respectively, where C_{L} is solute concentration in liquid, C_{S} is same in solid and D_{L} is solute diffusion coefficient in liquid and D_{S} is same in solid. Similarly, solute diffusion in a mushy cell is given by below equations

∂ C E ∂ t = ∇ × ( D E ∇ × C E )

C E = C L ( 1 − f s ) + C s f s

D E = D L ( 1 − f s ) + C s f s k

where D L and D s are the diffusion coefficients of the liquid phase and solid phase, respectively. f s is the solid fraction, C E is the equivalent concentration, and D E is equivalent diffusion coefficient.

1) Fraction Solid in Single Cell

To calculate solid fraction increment, first growth velocities of solid liquid interface in x and y directions are calculated [

V x ( i , j ) = D L a ( 1 − k ) [ ( 1 − C L ( i − 1 , j ) C L ∗ ( i , j ) ) f L ( i − 1 , j ) + ( 1 − C L ( i + 1 , j ) C L ∗ ( i , j ) ) f L ( i + 1 , j ) ] + k D s a ( 1 − k ) [ ( 1 − C s ( i − 1 , j ) k C L ∗ ( i , j ) ) f s ( i − 1 , j ) + ( 1 − C s ( i + 1 , j ) k C L ∗ ( i , j ) ) f s ( i + 1 , j ) ] V y ( i , j ) = D L a ( 1 − k ) [ ( 1 − C L ( i , j − 1 ) C L ∗ ( i , j ) ) f L ( i , j − 1 ) + ( 1 − C L ( i , j + 1 ) C L ∗ ( i , j ) ) f L ( i , j + 1 ) ] + k D s a ( 1 − k ) [ ( 1 − C s ( i , j − 1 ) k C L ∗ ( i , j ) ) f s ( i , j − 1 ) + ( 1 − C s ( i , j + 1 ) k C L ∗ ( i , j ) ) f s ( i , j + 1 ) ]

once calculated, fraction solid evolution is calculated by

δ f s = δ t a [ V x + V y + V x V y δ t a ]

where a = mesh size (uniform and constant) for both x and y direction and δt is time step.

In a single CA cell, solid fraction can be calculated using

f s = f s o + δ f s

where f s o = solid fraction at previous time step

Time step itself may be calculated by

δ t = 1 5 min ( Δ x V max , Δ x 2 D L , Δ x 2 D s )

where Δx is cell size, and V_{max} is maximum growth velocity of cell during each time step.

Note: solid fraction (f_{s}) and solid fraction increment ( δ f s ) are two different things and should not be confused. Former means actual numerical increase in amount of solid evolved in a cell during time step δt while later is difference of value between old and new.

2) Mean Curvature of Solid Liquid Interface

By a similar procedure, mean curvature of solid liquid (S/L) interface k may be determined

k = 1 a [ 1 − 2 N + 1 ( f s + ∑ i = 1 N f s i ) ]

where N is the neighboring cells and f s is the solid fraction

T l i q o − T l o c a l = Δ T c − Δ T k (2)

where T l i q o is liquidus temperature at C o , T l o c a l is local temperature and Δ T c , Δ T k are constitutional and curvature under cooling temperatures respectively.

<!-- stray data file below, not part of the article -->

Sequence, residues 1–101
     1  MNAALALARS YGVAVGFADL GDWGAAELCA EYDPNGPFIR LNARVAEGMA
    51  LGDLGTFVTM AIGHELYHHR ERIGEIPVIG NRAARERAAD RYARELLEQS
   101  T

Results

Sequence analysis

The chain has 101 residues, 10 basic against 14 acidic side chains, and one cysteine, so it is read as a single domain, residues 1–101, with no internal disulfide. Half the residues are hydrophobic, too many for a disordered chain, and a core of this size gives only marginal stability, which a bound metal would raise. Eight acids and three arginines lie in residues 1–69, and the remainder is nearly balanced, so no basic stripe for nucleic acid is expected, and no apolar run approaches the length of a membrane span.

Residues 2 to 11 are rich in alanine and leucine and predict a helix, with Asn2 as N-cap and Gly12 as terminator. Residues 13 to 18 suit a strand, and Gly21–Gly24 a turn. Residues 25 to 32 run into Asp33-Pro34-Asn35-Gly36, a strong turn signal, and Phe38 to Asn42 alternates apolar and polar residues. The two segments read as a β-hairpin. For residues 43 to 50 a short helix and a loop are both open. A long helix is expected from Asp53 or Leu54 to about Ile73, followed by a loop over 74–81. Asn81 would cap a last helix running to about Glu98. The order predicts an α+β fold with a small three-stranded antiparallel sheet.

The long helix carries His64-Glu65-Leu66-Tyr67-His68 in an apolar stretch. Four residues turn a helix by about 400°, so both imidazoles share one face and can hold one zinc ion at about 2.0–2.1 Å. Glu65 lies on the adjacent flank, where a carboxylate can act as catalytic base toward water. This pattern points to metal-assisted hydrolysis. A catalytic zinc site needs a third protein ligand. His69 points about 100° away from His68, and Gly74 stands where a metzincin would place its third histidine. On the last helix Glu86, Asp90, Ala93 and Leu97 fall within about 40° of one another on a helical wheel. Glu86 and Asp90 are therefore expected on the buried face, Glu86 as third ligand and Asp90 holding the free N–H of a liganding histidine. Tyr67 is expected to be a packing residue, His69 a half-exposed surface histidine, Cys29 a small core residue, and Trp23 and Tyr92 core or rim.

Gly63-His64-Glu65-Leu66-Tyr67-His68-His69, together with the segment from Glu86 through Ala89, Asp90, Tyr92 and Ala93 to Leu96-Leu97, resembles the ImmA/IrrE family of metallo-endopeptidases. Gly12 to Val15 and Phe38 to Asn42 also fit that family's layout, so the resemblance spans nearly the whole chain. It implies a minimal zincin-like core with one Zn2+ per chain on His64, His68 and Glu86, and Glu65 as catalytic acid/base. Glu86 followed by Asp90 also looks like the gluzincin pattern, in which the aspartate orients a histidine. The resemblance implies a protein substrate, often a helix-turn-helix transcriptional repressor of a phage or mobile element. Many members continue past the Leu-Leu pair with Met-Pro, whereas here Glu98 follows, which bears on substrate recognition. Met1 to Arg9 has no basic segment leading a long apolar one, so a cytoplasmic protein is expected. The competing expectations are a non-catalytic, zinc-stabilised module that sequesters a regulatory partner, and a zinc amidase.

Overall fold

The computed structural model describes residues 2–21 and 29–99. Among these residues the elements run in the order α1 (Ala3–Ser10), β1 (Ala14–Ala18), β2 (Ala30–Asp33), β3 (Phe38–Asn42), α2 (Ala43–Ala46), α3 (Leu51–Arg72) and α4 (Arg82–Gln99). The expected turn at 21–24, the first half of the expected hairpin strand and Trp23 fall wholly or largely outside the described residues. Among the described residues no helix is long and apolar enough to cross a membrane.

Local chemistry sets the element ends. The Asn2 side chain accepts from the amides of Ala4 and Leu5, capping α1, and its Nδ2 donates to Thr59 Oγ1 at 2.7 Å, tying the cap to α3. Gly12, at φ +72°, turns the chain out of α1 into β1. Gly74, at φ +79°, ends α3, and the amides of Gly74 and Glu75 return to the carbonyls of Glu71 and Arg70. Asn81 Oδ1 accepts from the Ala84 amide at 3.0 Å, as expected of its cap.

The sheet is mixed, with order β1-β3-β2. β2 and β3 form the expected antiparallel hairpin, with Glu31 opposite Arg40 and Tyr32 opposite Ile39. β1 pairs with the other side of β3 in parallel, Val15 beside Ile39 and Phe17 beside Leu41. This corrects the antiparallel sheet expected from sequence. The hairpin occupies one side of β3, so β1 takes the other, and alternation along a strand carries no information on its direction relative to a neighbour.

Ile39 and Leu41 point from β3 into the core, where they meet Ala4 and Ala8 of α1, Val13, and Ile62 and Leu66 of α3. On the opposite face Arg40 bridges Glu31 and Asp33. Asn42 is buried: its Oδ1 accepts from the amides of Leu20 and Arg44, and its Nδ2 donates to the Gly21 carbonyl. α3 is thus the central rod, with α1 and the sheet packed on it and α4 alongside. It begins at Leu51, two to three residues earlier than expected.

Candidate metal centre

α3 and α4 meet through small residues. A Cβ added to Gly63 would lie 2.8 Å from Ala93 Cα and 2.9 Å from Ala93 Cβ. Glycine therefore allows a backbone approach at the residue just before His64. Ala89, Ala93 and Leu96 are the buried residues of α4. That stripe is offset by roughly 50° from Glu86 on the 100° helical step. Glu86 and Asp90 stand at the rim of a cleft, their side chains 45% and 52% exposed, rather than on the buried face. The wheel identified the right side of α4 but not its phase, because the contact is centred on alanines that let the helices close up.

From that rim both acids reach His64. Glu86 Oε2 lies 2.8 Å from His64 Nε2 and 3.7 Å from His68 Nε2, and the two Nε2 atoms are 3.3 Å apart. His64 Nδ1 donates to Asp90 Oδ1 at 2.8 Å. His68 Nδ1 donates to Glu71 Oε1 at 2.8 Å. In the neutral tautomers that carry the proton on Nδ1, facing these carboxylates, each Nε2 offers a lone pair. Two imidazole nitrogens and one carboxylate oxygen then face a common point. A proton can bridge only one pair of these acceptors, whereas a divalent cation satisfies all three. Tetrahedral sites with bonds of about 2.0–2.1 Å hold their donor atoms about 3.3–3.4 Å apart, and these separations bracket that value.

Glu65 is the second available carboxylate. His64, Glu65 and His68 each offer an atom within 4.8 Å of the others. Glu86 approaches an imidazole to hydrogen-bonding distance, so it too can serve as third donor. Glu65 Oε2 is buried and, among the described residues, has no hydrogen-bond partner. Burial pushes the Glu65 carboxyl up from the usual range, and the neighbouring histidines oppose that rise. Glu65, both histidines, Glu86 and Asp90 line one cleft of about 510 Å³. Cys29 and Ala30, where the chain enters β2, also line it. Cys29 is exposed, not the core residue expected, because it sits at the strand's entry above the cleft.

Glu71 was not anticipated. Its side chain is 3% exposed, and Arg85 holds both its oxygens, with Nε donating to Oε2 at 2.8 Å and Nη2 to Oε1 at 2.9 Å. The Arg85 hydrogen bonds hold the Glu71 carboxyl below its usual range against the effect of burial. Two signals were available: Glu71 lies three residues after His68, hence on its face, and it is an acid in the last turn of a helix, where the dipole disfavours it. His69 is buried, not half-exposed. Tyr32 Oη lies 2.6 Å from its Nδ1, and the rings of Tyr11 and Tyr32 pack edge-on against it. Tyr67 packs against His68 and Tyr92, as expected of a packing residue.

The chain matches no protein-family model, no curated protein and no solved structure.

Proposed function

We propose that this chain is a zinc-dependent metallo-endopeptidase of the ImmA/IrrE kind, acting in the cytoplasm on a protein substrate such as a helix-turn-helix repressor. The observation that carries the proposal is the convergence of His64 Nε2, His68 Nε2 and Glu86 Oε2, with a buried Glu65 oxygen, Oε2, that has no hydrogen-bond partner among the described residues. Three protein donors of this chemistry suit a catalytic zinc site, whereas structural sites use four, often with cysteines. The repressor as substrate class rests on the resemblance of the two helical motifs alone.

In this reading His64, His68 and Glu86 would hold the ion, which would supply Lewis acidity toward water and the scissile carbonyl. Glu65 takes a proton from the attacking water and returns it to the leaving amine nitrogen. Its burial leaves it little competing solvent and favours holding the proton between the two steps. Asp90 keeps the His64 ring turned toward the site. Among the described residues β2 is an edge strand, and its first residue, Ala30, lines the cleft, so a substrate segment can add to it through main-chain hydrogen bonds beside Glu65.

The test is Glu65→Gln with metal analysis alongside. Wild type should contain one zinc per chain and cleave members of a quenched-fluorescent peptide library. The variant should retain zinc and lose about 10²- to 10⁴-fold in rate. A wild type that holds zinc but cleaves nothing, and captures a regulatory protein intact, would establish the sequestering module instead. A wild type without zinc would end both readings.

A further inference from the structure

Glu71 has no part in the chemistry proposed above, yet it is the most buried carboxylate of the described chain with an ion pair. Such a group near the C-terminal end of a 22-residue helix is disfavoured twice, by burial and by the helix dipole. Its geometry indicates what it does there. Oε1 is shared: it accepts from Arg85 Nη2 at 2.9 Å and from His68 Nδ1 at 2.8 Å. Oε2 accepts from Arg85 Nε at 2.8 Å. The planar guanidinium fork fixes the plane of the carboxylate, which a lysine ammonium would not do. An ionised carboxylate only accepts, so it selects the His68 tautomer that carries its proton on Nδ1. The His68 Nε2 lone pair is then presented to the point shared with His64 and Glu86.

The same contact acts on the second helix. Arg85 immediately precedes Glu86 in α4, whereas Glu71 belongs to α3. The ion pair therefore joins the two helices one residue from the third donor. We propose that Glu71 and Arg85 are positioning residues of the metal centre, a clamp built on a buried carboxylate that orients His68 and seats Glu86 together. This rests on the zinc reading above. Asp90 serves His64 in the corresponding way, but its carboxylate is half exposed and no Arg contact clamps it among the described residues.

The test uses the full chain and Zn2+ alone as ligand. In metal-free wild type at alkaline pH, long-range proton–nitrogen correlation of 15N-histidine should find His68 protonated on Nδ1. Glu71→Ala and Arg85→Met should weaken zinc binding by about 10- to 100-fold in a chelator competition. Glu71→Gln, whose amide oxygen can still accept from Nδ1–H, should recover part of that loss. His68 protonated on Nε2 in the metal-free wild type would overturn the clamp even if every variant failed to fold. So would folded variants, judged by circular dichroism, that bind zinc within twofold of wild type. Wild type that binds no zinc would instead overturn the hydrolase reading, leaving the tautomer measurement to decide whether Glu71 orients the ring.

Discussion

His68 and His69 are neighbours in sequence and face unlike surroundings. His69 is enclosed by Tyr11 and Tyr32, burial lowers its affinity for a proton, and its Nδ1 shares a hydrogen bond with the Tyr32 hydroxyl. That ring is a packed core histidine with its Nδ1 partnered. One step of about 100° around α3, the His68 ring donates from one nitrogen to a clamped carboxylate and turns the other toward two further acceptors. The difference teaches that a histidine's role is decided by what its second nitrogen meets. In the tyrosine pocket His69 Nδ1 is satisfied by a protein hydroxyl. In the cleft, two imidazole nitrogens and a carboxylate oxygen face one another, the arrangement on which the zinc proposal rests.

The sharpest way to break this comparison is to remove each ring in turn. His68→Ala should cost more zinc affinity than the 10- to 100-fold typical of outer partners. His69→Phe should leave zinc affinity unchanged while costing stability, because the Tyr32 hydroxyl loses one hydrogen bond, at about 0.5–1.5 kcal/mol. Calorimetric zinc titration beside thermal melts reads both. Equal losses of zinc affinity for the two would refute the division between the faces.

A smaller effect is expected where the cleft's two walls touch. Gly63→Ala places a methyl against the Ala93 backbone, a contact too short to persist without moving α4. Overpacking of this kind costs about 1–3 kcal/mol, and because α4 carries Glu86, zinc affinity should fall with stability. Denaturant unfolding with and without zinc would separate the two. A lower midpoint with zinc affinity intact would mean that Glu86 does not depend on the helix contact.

Consider Δ T c = − m L ( C L * − C o ) and Δ T k = Γ k

Putting in (2)

T l i q o − T l o c a l = − m L ( C L * − C o ) − Г k

− m L ( C L * − C o ) = T l i q o − T l o c a l + Г k

( C L * − C o ) = − T l i q o − T l o c a l + Г k m L

( C L * − C o ) = − 1 m L ( T l i q o − T l o c a l + Г k )

C L * = C o − 1 m L ( T l i q o − T l o c a l + Г k )

where C o = initial concentration, m L = liquidus slope, Γ k = Gibbs - Thomson coefficient, k = mean curvature of S/L interface.

Procedure adopted to calculate solute diffusion between cells is similar to the one adopted for calculation of solute diffusion in a single cell. Primarily, diffusion occurs owing to concentration gradient. This gradient is created by the release of solute in both liquid and solid. This may be summarized in following four steps [

Step 1: During this equilibrium at solid liquid interface is determined by

C s * = k C L *

where C s * is solute concentration in solid at solid/liquid interface. C L * is counterpart in liquid and k is partition coefficient. It is utmost important to determine k in a proper manner preferably keeping in view transient conditions such that actual process conditions are simulated.

Step 2: Partitioning of solute in liquid is determined. This may be done by the use of equation 1 by replacing all subscripts by L.

Step 3: Partitioning of solute in solid is determined by again using Equation 1 without replacing any subscript or term.

Step 4: Partitioning of solute in growing cell may be determined as follows;

Neighbors of a cell could be anything between liquid, solid or growing. For a liquid cell, it could be solid or growing. For a solid cell, it could be liquid or growing and for a growing cell, it could be liquid, solid or even growing. When the computing center is a growing cell, regardless of state (i.e. solid, liquid or growing) of the neighbor of growing cell, the solute concentration of growing cell may be expressed as an equivalent concentration C_{E}, which may be defined as;

C E = C L ( 1 − f s ) + C s f s = C L [ 1 − ( 1 − k ) f s ]

when f_{s} = 1, C_{E} = C_{S}and when f_{s} = 0, C_{E} = C_{L}_{ }

Thus, diffusion equation may be expressed as;

∂ C E ∂ t = ∇ ( D E ∇ C E )

where C_{E} is equivalent concentration defined by above equation and D_{E} is equivalent diffusion coefficient [

Since thermal calculations are done at finite element mesh. There is need to relate finite element mesh to cellular automaton mesh. This is done by defining interpolation equation [

Physical domain in three-dimensional space is divided into cells of equal size 0.1 µm × 0.1 µm × 0.1 µm. Each cell is characterized by three variables.